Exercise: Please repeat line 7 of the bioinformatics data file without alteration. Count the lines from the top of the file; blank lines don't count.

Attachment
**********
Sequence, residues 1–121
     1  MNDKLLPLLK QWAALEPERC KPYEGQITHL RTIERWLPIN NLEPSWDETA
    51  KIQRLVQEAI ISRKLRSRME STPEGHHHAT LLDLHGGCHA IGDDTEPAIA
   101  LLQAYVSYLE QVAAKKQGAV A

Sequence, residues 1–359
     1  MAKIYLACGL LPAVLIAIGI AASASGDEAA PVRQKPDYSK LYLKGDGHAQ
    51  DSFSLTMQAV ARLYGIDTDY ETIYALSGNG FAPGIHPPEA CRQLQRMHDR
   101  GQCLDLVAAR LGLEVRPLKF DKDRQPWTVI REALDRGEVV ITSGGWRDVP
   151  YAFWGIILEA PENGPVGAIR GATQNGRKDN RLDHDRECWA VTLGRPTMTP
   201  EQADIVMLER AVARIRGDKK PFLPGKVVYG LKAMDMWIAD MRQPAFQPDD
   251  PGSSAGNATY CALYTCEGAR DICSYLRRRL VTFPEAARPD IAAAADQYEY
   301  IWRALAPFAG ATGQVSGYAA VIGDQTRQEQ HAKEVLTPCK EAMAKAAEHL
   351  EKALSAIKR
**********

    51  DSFSLTMQAV ARLYGIDTDY ETIYALSGNG FAPGIHPPEA CRQLQRMHDR